“We’re running a marathon at a sprinter’s pace. We need to find a way to slow down and stride out.”
“We need to lower stress and increase well-being for our staff.”
“We need a way to stand out as an employer of choice to recruit new employees and retain the great ones we have.”
If you are in management or leadership of a nonprofit, chances are high that you’ve discussed and debated some or all the statements above, or some variation. For us at MNA, these were the topics du jour as we ended 2021 and considered how to improve our work and ourselves heading into 2022.
I work with a bunch of high performers and overachievers. We have a great team and we have done some great things over the past few years. But we are also consistently working too much, going too hard, and pushing too far to be sustainable for our long-term health and well-being. And that’s not okay – for each of us individually, for MNA, and for the mission we serve (I imagine many of you feel the same way about yourself, your team, and your mission).
So, we sat and wrestled with this tension at the end of last year and considered both small and big changes that would enable us to more deliberately center balance and well-being for our team while not sacrificing an ounce of impact for the mission we serve.
Opportunely, coincidentally, providentially – whatever term you prefer – we learned of a work-life balance pilot launching in 2022 that piqued our interest. A North American pilot of a four-day work week, to be exact. 4 Day Week Global was looking for fifty companies and organizations across the US and Canada to start a formal pilot of a reduced-hour work week starting in spring of 2022. We applied and got in.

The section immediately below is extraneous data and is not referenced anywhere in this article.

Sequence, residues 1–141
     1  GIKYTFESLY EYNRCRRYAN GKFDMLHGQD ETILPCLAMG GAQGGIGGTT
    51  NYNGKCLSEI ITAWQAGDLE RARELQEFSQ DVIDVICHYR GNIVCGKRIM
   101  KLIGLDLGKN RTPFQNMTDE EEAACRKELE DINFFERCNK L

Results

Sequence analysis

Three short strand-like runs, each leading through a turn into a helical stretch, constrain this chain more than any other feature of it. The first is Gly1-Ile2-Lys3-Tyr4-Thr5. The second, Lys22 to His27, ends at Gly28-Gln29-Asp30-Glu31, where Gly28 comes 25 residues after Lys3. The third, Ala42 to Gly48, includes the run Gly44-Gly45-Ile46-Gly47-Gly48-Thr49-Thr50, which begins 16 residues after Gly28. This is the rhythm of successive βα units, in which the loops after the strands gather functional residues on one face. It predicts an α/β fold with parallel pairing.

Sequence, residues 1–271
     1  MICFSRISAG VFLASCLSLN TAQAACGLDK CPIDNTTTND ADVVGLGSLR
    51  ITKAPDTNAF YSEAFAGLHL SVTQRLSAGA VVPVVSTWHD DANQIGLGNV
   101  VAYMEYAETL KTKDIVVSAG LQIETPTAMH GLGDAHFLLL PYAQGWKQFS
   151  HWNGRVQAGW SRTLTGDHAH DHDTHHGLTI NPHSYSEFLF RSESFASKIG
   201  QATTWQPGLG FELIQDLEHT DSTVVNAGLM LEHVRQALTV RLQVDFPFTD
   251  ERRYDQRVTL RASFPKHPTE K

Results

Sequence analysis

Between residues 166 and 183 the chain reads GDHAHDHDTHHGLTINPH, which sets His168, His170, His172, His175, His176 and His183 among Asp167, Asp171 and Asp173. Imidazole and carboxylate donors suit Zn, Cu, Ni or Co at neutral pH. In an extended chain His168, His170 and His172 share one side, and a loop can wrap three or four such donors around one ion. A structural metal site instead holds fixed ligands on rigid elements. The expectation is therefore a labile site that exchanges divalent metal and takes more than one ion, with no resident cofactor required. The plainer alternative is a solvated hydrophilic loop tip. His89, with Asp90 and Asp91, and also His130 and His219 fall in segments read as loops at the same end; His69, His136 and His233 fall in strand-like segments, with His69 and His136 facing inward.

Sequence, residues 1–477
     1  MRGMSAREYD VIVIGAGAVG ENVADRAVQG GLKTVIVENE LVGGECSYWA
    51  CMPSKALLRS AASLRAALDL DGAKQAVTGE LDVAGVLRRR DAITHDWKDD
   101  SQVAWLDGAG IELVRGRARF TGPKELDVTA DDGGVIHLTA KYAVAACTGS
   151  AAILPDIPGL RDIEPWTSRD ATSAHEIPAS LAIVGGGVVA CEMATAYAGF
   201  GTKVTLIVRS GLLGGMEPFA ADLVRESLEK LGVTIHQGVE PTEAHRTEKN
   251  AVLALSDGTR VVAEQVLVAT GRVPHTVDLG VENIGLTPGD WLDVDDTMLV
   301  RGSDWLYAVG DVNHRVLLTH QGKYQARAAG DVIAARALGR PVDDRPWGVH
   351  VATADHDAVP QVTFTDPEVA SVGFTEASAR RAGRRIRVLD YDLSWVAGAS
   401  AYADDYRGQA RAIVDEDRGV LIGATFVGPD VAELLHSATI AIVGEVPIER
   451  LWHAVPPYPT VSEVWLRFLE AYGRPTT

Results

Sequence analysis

The concept of a four-day week is simple: reduced working hours without a reduction in pay. The one (and only one) written-in-stone precept of the four-day week is 100:80:100 – 100% pay for 80% of the hours AS LONG AS the organization can maintain 100% productivity. That precept becomes the contract between the organization and its employees. The organization commits to maintaining 100% of the pay in exchange for the employees working 80% of the hours (32 hours/week instead of 40), as long as the employees can structure their time and work to maintain 100% of the needed productivity and mission impact.
The working hypothesis supporting the four-day week is the belief that our current work habits aren’t without slack – we don’t work at 100% productivity and efficiency; we physically can’t work at 100% productivity and efficiency. Our work will fit into the container that we give it. For most of us, the container is 40 hours per week.
The four-day week hypothesis acknowledges that we have “slack” in our daily operations and that our ability to do the work and create impact will fit into the container that we give it. And that we can shrink the container slightly (20% less) and still fit the same (or more) amount of work into that container IF we empower each member of the team to make the individual and collective changes necessary to be productive and to do the mission. The earliest adopters of the four-day week have proven out this hypothesis, and the global pilot that we were accepted into is designed to show – with third-party, academic research – that the early successes are reproduceable at scale and across industries.
We are a couple months into our pilot experience – we started on April 1. So far, our experience has been good but not perfect. It has definitely increased employee well-being. And by every objective metric, we are maintaining or exceeding the productivity and impact that we want and need to achieve.
But internally, we are a work in progress on clearly and cleanly becoming more efficient in our day-to-day work and knowing what to “throw out of the container” to make this sustainable over the long-term. We are making progress and we believe we will get there. But it is a daily habit that we need to put into practice, and old habits are hard to change.
We share this all with you all now because we want to learn out loud. Regardless of whether you think is applicable in your work and regardless of whether we decide to adopt a four-day week beyond the six-month pilot, we think this is the type of creative idea to consider to invest in our people and stand out in a crowded and competitive hiring environment. We look forward to continuing to share our learnings and experience in the coming weeks and months. And, most importantly, we look forward for continuing our service to you and to our sector throughout the pilot period.
Thanks for reading.